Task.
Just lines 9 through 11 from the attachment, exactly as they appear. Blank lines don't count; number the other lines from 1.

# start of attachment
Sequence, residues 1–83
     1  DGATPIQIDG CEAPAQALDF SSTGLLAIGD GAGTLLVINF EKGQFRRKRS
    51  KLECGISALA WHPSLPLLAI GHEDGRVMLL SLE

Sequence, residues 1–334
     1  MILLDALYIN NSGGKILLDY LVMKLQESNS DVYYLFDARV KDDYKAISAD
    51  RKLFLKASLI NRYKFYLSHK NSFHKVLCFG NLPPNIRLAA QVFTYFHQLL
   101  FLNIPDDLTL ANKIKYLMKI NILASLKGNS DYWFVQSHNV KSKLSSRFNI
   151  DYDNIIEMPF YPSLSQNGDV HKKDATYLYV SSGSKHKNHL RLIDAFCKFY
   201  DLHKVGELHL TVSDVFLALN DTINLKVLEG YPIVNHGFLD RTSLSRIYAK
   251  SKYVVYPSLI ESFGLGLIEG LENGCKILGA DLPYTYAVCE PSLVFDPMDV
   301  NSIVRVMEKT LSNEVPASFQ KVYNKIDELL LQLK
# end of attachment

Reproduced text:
   201  DLHKVGELHL TVSDVFLALN DTINLKVLEG YPIVNHGFLD RTSLSRIYAK
   251  SKYVVYPSLI ESFGLGLIEG LENGCKILGA DLPYTYAVCE PSLVFDPMDV
   301  NSIVRVMEKT LSNEVPASFQ KVYNKIDELL LQLK